Hope Star from Hope, Arkansas on November 21, 1938 · Page 6
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Hope Star from Hope, Arkansas · Page 6

Hope, Arkansas
Issue Date:
Monday, November 21, 1938
Page 6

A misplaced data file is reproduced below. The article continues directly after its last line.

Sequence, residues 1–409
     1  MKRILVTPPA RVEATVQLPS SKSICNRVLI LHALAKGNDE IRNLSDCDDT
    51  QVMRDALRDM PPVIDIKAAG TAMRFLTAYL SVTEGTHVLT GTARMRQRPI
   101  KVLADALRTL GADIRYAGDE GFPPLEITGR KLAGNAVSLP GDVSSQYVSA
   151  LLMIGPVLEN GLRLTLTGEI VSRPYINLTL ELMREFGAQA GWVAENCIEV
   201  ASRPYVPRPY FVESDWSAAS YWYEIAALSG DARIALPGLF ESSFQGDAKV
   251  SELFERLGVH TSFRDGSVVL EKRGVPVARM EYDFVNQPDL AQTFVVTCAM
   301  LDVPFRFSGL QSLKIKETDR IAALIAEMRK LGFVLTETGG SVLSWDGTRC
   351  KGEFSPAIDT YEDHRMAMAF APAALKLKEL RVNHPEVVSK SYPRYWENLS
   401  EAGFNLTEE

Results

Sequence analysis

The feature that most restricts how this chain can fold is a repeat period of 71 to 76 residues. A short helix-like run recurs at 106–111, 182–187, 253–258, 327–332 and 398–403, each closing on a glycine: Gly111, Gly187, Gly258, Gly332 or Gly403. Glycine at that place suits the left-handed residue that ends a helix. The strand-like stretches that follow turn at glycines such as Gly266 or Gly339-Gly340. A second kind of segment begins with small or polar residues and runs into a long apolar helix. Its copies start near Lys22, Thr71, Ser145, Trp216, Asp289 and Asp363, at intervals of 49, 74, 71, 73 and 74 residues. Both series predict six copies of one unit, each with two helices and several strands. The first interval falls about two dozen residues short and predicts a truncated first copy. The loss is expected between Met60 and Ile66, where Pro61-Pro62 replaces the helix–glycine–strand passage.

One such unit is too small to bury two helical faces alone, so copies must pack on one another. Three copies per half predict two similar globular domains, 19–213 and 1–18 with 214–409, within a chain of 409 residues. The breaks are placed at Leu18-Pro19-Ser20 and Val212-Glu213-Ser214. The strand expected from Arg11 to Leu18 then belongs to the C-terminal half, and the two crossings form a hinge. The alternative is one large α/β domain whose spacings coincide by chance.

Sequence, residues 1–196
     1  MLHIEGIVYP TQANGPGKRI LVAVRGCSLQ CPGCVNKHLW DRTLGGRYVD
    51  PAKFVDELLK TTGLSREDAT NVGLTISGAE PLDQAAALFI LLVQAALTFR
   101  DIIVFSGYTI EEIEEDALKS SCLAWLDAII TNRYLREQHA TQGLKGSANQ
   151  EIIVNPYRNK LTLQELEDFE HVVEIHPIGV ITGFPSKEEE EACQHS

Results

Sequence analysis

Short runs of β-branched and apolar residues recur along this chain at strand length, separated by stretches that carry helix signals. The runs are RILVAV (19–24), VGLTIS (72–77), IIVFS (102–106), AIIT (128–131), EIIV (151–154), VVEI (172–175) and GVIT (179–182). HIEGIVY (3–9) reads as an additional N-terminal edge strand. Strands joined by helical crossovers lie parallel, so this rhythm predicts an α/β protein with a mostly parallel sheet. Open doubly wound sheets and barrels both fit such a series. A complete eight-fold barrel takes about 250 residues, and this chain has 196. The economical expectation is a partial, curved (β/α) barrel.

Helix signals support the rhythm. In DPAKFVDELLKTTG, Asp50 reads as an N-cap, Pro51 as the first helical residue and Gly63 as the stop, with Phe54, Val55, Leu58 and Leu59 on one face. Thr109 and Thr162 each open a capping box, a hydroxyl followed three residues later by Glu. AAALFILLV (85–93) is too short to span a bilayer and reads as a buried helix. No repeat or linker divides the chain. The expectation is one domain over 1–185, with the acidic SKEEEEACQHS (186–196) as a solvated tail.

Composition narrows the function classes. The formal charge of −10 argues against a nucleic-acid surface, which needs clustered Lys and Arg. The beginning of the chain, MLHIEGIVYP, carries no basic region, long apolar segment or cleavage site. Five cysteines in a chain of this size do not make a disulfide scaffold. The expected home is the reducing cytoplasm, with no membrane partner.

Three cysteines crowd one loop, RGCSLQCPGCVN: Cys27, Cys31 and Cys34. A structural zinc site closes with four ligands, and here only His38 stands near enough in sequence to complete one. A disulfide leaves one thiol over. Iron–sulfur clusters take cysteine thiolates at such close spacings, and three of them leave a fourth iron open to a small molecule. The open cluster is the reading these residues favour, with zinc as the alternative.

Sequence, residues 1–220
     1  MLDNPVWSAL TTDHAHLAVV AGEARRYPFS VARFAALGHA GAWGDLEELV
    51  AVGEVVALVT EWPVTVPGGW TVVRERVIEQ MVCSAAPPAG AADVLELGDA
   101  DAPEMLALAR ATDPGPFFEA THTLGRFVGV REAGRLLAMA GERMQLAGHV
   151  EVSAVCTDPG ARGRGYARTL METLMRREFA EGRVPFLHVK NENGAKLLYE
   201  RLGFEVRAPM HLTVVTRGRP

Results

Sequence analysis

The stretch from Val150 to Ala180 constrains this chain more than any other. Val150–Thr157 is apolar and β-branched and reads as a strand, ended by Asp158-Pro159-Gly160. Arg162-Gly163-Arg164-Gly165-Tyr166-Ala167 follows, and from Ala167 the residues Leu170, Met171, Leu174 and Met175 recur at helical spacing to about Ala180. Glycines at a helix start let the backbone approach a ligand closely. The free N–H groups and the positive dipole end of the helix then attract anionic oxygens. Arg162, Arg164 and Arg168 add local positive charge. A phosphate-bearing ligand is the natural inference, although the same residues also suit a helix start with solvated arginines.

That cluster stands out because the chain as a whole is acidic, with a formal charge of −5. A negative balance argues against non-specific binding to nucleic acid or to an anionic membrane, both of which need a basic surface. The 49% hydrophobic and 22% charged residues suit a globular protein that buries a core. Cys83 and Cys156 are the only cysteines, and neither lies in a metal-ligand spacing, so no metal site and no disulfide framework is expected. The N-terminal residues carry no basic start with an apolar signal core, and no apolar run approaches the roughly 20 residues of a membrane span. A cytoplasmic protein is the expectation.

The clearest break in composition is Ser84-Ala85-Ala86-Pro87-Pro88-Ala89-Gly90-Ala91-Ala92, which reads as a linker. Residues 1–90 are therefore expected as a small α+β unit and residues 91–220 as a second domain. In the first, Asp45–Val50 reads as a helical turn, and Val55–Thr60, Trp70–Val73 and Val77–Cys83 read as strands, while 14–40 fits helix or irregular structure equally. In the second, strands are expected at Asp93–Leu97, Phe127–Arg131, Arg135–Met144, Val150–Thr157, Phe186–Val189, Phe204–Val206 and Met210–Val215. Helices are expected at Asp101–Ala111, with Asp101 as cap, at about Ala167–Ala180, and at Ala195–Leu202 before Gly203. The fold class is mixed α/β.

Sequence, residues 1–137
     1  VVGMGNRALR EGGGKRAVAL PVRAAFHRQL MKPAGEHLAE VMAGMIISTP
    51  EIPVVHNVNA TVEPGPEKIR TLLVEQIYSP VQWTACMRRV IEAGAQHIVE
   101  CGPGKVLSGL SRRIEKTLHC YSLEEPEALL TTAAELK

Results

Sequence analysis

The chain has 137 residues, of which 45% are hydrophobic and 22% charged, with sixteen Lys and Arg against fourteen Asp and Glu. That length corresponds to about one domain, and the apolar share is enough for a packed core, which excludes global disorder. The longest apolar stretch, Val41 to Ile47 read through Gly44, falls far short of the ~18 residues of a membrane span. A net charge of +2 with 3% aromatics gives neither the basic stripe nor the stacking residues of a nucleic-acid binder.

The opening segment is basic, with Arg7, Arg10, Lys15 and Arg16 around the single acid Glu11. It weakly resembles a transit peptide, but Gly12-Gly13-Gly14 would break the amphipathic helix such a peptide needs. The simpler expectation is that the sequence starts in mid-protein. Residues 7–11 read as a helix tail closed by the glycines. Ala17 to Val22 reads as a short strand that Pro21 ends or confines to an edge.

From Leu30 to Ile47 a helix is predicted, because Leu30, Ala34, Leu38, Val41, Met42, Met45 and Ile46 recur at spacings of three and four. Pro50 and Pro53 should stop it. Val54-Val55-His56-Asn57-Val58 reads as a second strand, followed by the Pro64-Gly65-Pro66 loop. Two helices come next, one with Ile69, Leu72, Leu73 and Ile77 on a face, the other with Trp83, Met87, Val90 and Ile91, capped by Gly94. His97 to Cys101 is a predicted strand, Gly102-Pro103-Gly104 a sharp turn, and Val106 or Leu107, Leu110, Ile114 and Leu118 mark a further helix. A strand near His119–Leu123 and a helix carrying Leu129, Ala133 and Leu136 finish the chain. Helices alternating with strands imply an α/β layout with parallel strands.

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PAGE SIX HOPE STAR, HOPE, ARKANSAS Monday, November 21,1938 Thanksgiving Day Event Is Planned Outdoor Sports Program Is Scheduled at Bodcaw BODCAW, Ark.—Bodcaw P. T. A. Jnet in the home economics room Wednesday, November 16, to quilt the quilt they had made to be sold to improve the library. / ;• Mrs -Claude McConnell. the presl dent, led a "round-quilt" discussion which resulted'in well-fixed plans, for an all-day Thanksgiving meet to be enjoyed by the people 6f this dsitrict and our negihboring districts. Visiting basketball teams, one from Ouachita county and others of this county have accepted invitations to be with us. The games will begin at 10 a. m. with Bodcaw and Central, Laneburg, playing. ' Outdoor sports and the quilt drawing will be the in-between features of the day. Also, a turkey may be gobbling on the campus to make the occasion more like Thanksgiving. Hamburghers, chicken sandwiches, a great variety of pies, net coffee, and cold drinks will be served at the most reasonable prices. After the quilting, the mothers went to the auditorium to enjoy a reading by Beverly McConnell, a Thanksgiving song and play presented by pupils from the fourth, fifth, sixth, seventh and eighth grades. Parents from every section of the district are working enthusiastically toward improving the Bodcaw school. The following mothers were present: Mesdanves Leonard Russell, G. E. Fuller, Lois Darby, Delma Whitten, Lois Russell, Lula Johnson, J. B. Silvey. W. M Munn, Chas. Martin, Clarence Dunn, Lester Lee, Ausie Hartin, Claude McConnell, Arl Ficher, Clark Butler, Clifton Butler. Edgar Downs, Roy May, Irl Herring. W. A. Caudle, L. R, Caudle, Joe Downs, Perry McCargo, Geo. Pickard, Floyd Munn, John Downs,' and Horace Fuller. By George Ross Paul Harrison in Hollywood Opera Star, Whose Contract Ended With Cops and Robbers, Loved It All .Whether it's the cops and robbers in "Ambush," her last picture with Paramount, or whether it's the fact that her contract is about to expire, Gladys Swarthout appears a little perturbed. ®- NEW YORK—Censorial wrath again has been visited upon Broadway's nocturnal nudity. It seems that several weeks ago th son of a mid western judge was in town, and among the places he visited was the International Casino, where the damosels are indiferent to the rest of the world's custom of wearing clothes. This judical son went home and told Papa about what he beheld; Papa was shocked and communicated with his good friend, our Fiorello La- Guardia. The mayor looked into the matter personally and sho nuf, it was as he had been advised. The 'T-n.ternational's coryphees lacked a few essential articles of apparel. Now the mayor is not harsh man. He does not believe in unmitigated punishment. So this is the penalty he devised for the errent cabaret uptown. He decreed—or his law enforcers decreed—that the International was to be padlocked (figuratively, of course) for one Sunday night, when the sinners could sit around reflectively and do penace, fully clothed. Folk who asked to be admitted that evening were suavely told that the "stage was under repair." And, oh yes, the girls will be not quite so scantily clad in future appearances. The same penalty is being applied to a cafe called The Midnight Sun where , Hizzoner discovered in his research, the young ladies are permitted to sit down at tables with the gentlemen who are paying guests Hizzoner frowns upon this kind of expansive hospitality but he doesn't want to be unduly severe about the spanking He thinks that if the Midnight Sun is eclipsed for one night, the management will learn to behave. VVho-o-o! Orson Wells gave John O'Hara the jumps the other twilight with a retelling of tale culled from 'The Haunted Omnibus." According to Welles, two strangers met in the dim and darkening galleries of an ancient ruin. Said one 'Rather spooky, isn't it?" "Bo you believe in ghosts?." askec HOLLYWOOD.-Miss Gladys Swarthout, opera and concert star, has just wound up her three-year movie contract with a little cops-and-robbers flicker called "Ambush." It is not much of a climax to a screen-musical career because, although she received 560,000 for the job. Miss Swarthout didn't sing a note. Didn't even hum. "The only thing musical in the picture," chuckled Frank Chapman, her husband and vocal coach, "is a palno. A guy gets shot and falls on the keyboard." Chapfman has been on the Paramount payroll as vocal coach for the star during each of her five pictures. "But I was not idle while 'Ambush' was being made, even if there isn't any singing in it," he said. "When I read the script and found three places where she had to scream, I decided to be a Scream -Supervisor. It's nice work and very remunerative." Gangster Thrillers at'?20,000 a Week You might think that Miss Swarthout, having 'been the victim of four astonishingly bad musicals, would have Something for Nothing? He Is Not So Sure MEMPHIS, Tenn.—(/P)—Dieting n ditch in which to lay n small pipeline recently, Charles W. Wortham struck a vein of lignite—an intermediate fortw of coal, combustible and heat-giving. Wortham and his son followed the vein, dug deeper only to discover they had undermindod the Wortham home. It's n problem of cost now; "whether to reinforce the mine nnd have the conl, or fill it up and forget about the whole thing. Riding Back to Washington in January the second. "No," was the reply, 'do you?" 'Yes," said the other. . . and vanished! No Tickcc, No Smokee Bert Lytell tells us of an English tobacco company which wished to'introduce it cigarettes into China. • In order to interest the 40,000,000 Orientals in the excellence of its product, thhe company built movie theratrs and gave away cigarettes with e«pry ticket. It wasn't long before the "heathen Chinee' got wise to a good smoke and were willing to pay for what was originally a free handout. The joker is, though, that they til went to the theaters to buy cigarettes—and not to se the show. Carl Crow, we call tells a similar tale in his tome, "4000,000,000 Customers." Where Fact Is Futile Fragment of a not form a Holywood friend: "My Hoolywond inilat- icn was like this: I tsked the phone operator whether there was a copy of the Encyclopucdia Britannica anywhere on the lot. Lhe replied, "What do you want that for? The only thing you can get out of it FACTS!" regarded as a crowning indignity her role as a leading woman in a class B gangster thriller Fact is, she acccept- ed it voluntarily The studio had no musical scheduled, so it proposed to buy up the rest of her contract—at a big discount—and release her. She said no. The studio protested that all it could offer was a modest little melodrama with a three-weeks shooting schedule. She said okay) that it sounded like an amusing way to earn $20,000 a week. "Actually," she declared. "I loved it. The screen play was written by Laura) and S. J. Perleman, and it was the best script I've had. For the first trm'e in Hollywood I could believe the words that were coming out of my mouth. Another thing, although I was born in Deepwater, Mo., and am typically American, this was the only one of my five pictures in which I was an American girl. First Chance to Really Act "Everybody in the company was swell. I nearly fainted when the director apologized because I had to work overtime one evening. The producer never set foot on the set. The assistant producer looked in only three times. I was allowed to choose my own wardrobe. And I had a chance to act. I got more from that little picture than from all the others, and for the first time-^ now that I'm.' leaving—I feel that I really know something about the job." This reporter nsked: "What if it turns out that you gave n hangup performance and pecijle come after you waving acting contracts?" Sha said: "I'd -love that, too. Of course I'd always sing in concerts and opera now and then; that's too much a part of me now. But I think the screen is the greatest possible medium nnd I'd never want to leave Hollywood. It's crazy—but I'm crazy about it'- ll Did Her No Harm Such talk didn't sound like the bitter valedictory of an humiliated primn donna. Other singing stars have faded out of Flickervillo in a huff. Lily Pons, for example, has been grumbling that Hollywood did wrong by her and Grace Moore and Gladys Swarthout. "I must ask Lily to leave my name out of that," Miss Swarthout said.' "I j can't speak for her and Grace, but! really I think that none of us was awfully smart. Anyway, I don't think it has done me any harm." You see, Miss Swarthout happens to be honest and well-balanced and tolerant, along with having a sense of humor. Her first picture. "Rose of the Rancho." was a musical western directed by a Russian out of Siberia and Tibet, and it is a leading candidate for the Ten Worst Movies of the Twentieth Century. Next came "Give Us This Night," with Jan Kiepura, whose fantastic temperament had the whole project licked before it was well under way. Third was "Champagne Waltz," best of her musicals but still pretty bad. Fourth was "Romance in the Dark," notable only because preview audiences were so sorry for Miss Swarthout that they hotly protested her ultimate indignity—being pelted with tomatoes. She didn't 'mention a couple of circumstances I happen to know about— ittcmpts by Samuel Goldwyn and Warier Brothers to borrow her for stardom n big pictures which might have estab- ished her movie prestige. Paramount wouldn't lend her Found He Could Swim When He Had To CHEYENNE, Wyo.—(/P)—W. C. Lewis, plumber, couldn't swim n stroke until he saw his wife drowning and lie !hnd to save her. 'Under those circumstances n fellow could pnddlc with an nnvil nround his neck," he says. It happened when (heir bont capsized while fishing in Snake river. Lewis Ivns to churn the water for 60 yards to do it. Indians Ask Aid for Aiding White Men LANDUSKY, Mont.—(/V)—Remnant 'm'cmbers of the Cree and Chippcwa Indian tribes, contending other In- j homes, dians "resent" them because they were ] on the side of the whites in Indian wars, have asked the government for J. H. Du.some of Zurich, Mont., has been elected spokesman for 34 of the Indians and he is asking that government give each family 40 acres of irrigable land and aid in establishing "In every Indian campaign we were on the side of the .whites and for this reason there has been a noticeable re- sentment against us among the other Indians, even to the present generation," said Dusome. Fortune Under Tin ESSENDEAN. Australia—(/I 1 )—After he died in a hut roofed with material from old tins, a 71-year old man was found to have securities valued at about $19,250. A Three Days 7 Cough Is Your Danger Signal No matter how many medicines you have tried for your common cough, chest cold, or bronchial Irritation, you may got relief now with Creomulslon. Serious trouble may bo brewing and you cannot afford to take ft chance with any remedy less potent than Creomulslon, which goes right to the seat of the trouble nnd aids nature to soothe and heal the Inflamed mucous membranes nnd to loosen and expel germ- laden phlegm. Even If other remedies have f ailed, don't be discouraged, try Creomul- slon. Your druggist Is authorized to refund your money If you are nob thoroughly satisfied with the benefits obtained. Creomulslon Is ono word, ask for it plainly, see that the name on the bottle Is Creomulslon, nnd you'll get the genuine product and the relief you want. (Adv.) Appliance Sale si OFF Waffle Irons Percolators Hand Irons Radios Washing Machines See Our Bleached Butt Walnut Rep. Bedroom Suites. Hope Hardware COMPANY YOUR WILL-POWER ..Till, MODERN HAZARD TO YOUR NERVES I Clark STORIES IN STAMPS \\ UNITED STATES POSTAGE carji't Ut»d jiiy chauffeur.. How do you spread a drugnel?" |17CENTS17 Reconstruction Proved Johnson's Downfall CIX weeks after his second inauguration, Lincoln was shot in Ford's Theater, Washington, and to Andrew Johnson fell the staggering task of reconstruction in America's "tragic era." It was to prove a catastrophe for one of the most able and courageous men ever to enter the White House. For hardly had Johnson moved to carry out the policies of Lincoln when he found himself torn between a demand for reprisals on one hand and a pressure for leniency toward the south on the other. Johnson chose to favor the south to cement the Union. Almost at once he hastened to bring Virginia back into the Union, and soon after he brushed aside all regulations restricting .trade with the secessionist states. He proclaimed general amnesty to nearly all Confederates and prepared the way for provincial governments in .southern states. All of which ensnared the President in bitter quarrels with his northern advisers. In succeedr ing months Johnson vetoed much of congressional reconstruction legislation and finally replaced Stanton as secretary of war. The upshot was a trial to impeach the President. The vote was guilty, 35; not guilty, 19, and since a two-thirds vote was necessary to convict, Johnson was acquitted. But his political star had set. Not for many years were the temperate historians to justify his course. Johnson is shown here on a stamp of the new U. S. regular scries, enlarged. (Copyright. ma. NEA Service. Inc.) BEAGLE HOUND English fox-hound in miniature. Solid and big for his inches, true beagle has the long-wearinglook of the hound that can last in the chase. One of the oldest breeds in history — close to the original breed of hounds. U. S. standards specify 15 incites maximum height — any true hound color acceptable. I!V<» HIS 1IEST.... P- / \ AMI SO IS T HE frazzling pace of these fast- r in moving times doesn't mean a tiling the life of the clog. Although his complex, high-keyed nervous system closely resembles our own, when the dog feels his nerves tire he settles down — relaxes —as the beagle hound above is doing. That is instinctive with the dog. We are not so likely to break nerve tension before it gets our nerves upset. Ambition and determination push us on and on... past the warning stage of nerve strain. Will-power silences the instinct, lo pause and rest. And yet jittery, rugged nerves are a distinct handicap. Don't let your nerves get that way. Learn to ease the strain occasionally. Let up—light up a Camel! It's such a pleasant way to rest your nerves —a brief recess, mellow with the pleasure of Camel's mildness and ripe, rich taste. Yes, no wonder smokers say Camel's costlier tobaccos are so soothing to the nerves. They've learned — millions have — lo give nerves relief... They "Let up — light up a Camel" Smoke 6 packs of Camels and find out why they arc the LARGEST- SELLING CIGARETTE IN AMERICA AN ANALYTICAL CHEMIST'S job is intensely nerve straining. No wonder so many of these men break nerve tension often by letting up—lighting up u Camel. #3* EDDIE CANTOR —America's great coinic personality — each Monday evening on the Columbia Network. 7:30 pill E.S.T., 9:30 pw C.S.T., 8:30 pm M.S.T., 7:30 pm P.S.T. COVERING TRIALS, accidents, sports puts a big strain on the nerves of crack Western Union telegrapher, George Errickson (at left). "\ avoid gelling my nerves tense, wound up," says operator Errickson. "J case oil' from time to time, lo give my nerves welcome rests. I let up and light up u Camel." BENNY COODMAN-Kiug of Swing, and the world's great- fat 6\viug baud —each Tuesday evening — Columbia Network. 9:30 pin E.S.T., 8:30 pw C.S.T., 7:30 pm M.S.T., 6:30 pui P.S.T. PIP you — that cigarette tobacco is dried for the market, or "cured" by several general methods, which include air- cured and due-cured? Not all cigarettes can be made from the choicest tobacco, the fine top grades—there isn't enough of it available! Therefore it is important to know llm Camel cigarettes are a matchless blend of finer, MORE EXPENSIVE TOBACCOS-Turkish and Domestic. LIGHT UP A CAMEL! Smokers find Camel's Costlier Tobaccos are SOOTHING TO THE JNERVES